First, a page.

Using Stud Welding for Practical Design Aesthetics

Stud welding is a manufacturing operation used in many industries, from food-grade welding to large-scale construction. With such a high prevalence of usage for so many very different industries, it’s important for fabricators using stud welding to have access to varying types of tools, studs, and accessories compatible with each kind of operation. At Northland Fastening Systems, we provide comprehensive supplies for commonly used stud welding operations including drawn arc, capacitor discharge (CD), and short cycle welding. This includes tools for rent or purchase, studs in varying dimensions with custom options available, stud welding accessories, and the expertise of our own technicians. While stud welding is most often considered to be a manufacturing operation for functional construction, it’s also used frequently as a way to build aesthetics into practical design.

In many ways, stud welding is all around us. It’s a prolific tool for quick and effective building. From the appliances in our home to the cars we drive, stud welding is used to make a broad range of metal components. Some of practical design industries we interact with the most include:

  • Furniture: Many types of furniture made out of metal are built using stud welding. This includes office desks with metal paneling and drawers, standing cabinets, filing units, shelving, and more. Food-grade stainless-steel shelves and storage systems are built with CD stud welding for complete wash-down and sanitation capabilities. Handles and other parts incorporated into furniture made from wood or other materials can also be built in with studs. Additionally, electrical enclosures are almost always made with stud welding operations because of their clean results that don’t mark through.


  • Signs: Business signs on buildings or freestanding can also be built with stud welding operations. These signs are often hollow box-like shapes mounted onto a stand or other support system with studs. Street signs, traffic lights, and other municipal signage are also constructed with pin or stud welding.


  • Automotive and Transportation: Stud welding is a key operation in the automotive industry. It’s used in manufacturing many components in everyday cars, trains, planes, freight carriers, and sport and recreational vehicles. Studs are used to produce parts like heat shields, power steering components, exhaust systems, airbags, insulation, and much more. Stud welding is also used in fabricating the cosmetic features of a car, including the practical design of a steel frame.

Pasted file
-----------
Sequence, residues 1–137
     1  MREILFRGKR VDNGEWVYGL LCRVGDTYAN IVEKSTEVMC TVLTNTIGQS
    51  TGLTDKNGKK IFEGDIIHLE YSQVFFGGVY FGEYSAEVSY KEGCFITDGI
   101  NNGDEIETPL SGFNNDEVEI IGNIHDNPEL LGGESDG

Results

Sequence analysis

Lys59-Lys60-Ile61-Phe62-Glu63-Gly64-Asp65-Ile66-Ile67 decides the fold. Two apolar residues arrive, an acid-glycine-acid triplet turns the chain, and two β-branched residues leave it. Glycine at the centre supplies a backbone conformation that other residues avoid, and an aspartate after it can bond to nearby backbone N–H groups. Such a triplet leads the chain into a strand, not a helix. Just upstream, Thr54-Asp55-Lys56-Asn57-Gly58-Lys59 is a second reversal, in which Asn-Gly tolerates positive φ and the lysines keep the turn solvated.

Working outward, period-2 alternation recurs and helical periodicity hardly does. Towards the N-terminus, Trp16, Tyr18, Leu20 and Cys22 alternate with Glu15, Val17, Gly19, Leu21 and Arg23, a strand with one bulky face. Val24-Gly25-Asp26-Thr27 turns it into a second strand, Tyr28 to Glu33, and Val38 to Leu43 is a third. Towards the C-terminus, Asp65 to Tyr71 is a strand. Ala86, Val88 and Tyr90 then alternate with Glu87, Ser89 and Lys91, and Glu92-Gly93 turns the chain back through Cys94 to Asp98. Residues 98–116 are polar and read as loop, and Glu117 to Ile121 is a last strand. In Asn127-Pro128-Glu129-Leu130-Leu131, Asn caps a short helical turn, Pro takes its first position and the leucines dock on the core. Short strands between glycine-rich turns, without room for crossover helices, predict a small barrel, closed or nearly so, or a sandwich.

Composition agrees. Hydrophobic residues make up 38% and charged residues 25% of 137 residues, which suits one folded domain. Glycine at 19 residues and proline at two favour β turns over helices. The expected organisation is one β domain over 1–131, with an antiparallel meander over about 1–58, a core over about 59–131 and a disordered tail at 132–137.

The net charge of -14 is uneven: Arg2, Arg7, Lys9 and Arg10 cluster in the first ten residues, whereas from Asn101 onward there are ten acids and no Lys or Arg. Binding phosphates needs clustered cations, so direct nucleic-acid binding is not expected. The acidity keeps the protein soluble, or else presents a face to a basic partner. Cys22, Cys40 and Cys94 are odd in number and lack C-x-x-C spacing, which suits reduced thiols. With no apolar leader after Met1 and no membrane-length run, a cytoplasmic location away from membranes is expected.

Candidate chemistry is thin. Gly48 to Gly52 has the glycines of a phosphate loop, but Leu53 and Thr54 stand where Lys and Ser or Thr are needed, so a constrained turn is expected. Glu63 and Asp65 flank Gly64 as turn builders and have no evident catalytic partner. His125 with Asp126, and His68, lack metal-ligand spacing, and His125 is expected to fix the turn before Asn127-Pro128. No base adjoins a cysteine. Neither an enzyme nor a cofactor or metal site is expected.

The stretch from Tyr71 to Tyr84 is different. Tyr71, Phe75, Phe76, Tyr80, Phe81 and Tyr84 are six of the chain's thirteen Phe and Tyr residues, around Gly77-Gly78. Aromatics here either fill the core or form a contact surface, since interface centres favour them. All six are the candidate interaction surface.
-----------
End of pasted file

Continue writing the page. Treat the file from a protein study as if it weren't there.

• Architecture: In many cases, stud welding is used in the construction of buildings with multiple stories. This includes skyscrapers, office buildings, warehouses, factories, and even homes. Stud welding is key in the construction of a building’s skeletal frame and also the installation of interior and exterior components. Some specialized buildings with metal architectural design aspects, like the Sydney Opera House and Guggenheim Museum Bilboa, use stud welding extensively in their construction.

To learn more about the ways stud welding is used in creating practical design aesthetics and more, or to get started with us today, contact Northland Fastening Systems at (651) 730-7770 or request a quote online.

What to Consider before Buying Stud-Welding Equipment

With any kind of manufacturing tools, you need to do your research to determine what specifications, sizing, materials, and other details you’ll need depending on the job. Even with a simple tool type like a screwdriver, there is a large range of variations. When it comes to more complex manufacturing tools or whole systems like with stud-welding equipment, there are even more technical aspects to consider before purchasing even the studs you will use. Northland Fastening Systems (NFS) provides a complete range of stud-welding supplies from tools for rent or purchase to studs of any dimension, including customs options. In addition to a comprehensive supply of stud-welding equipment, our staff of knowledgeable technicians will guide you in selecting exactly the right tools, studs, and accessories you need.

While we at NFS make all our welding supplies as affordable as possible, we don’t want you to waste your time and/or money purchasing a tool or stud that won’t work for your job. To save yourself the headache of returns or wasted money, consider the following issues before buying stud-welding equipment:

Materials: Different stud-welding processes work best with different materials. If you’re working with thin stud-welding pins for stainless steel, food-grade welding, the best tools to choose will be for CD stud-welding operations. On the other hand, composite construction with bar anchors requires more heavy-duty tools for drawn arc welding. The surface material and the stud materials are both significant factors that will guide your stud-welding equipment choices.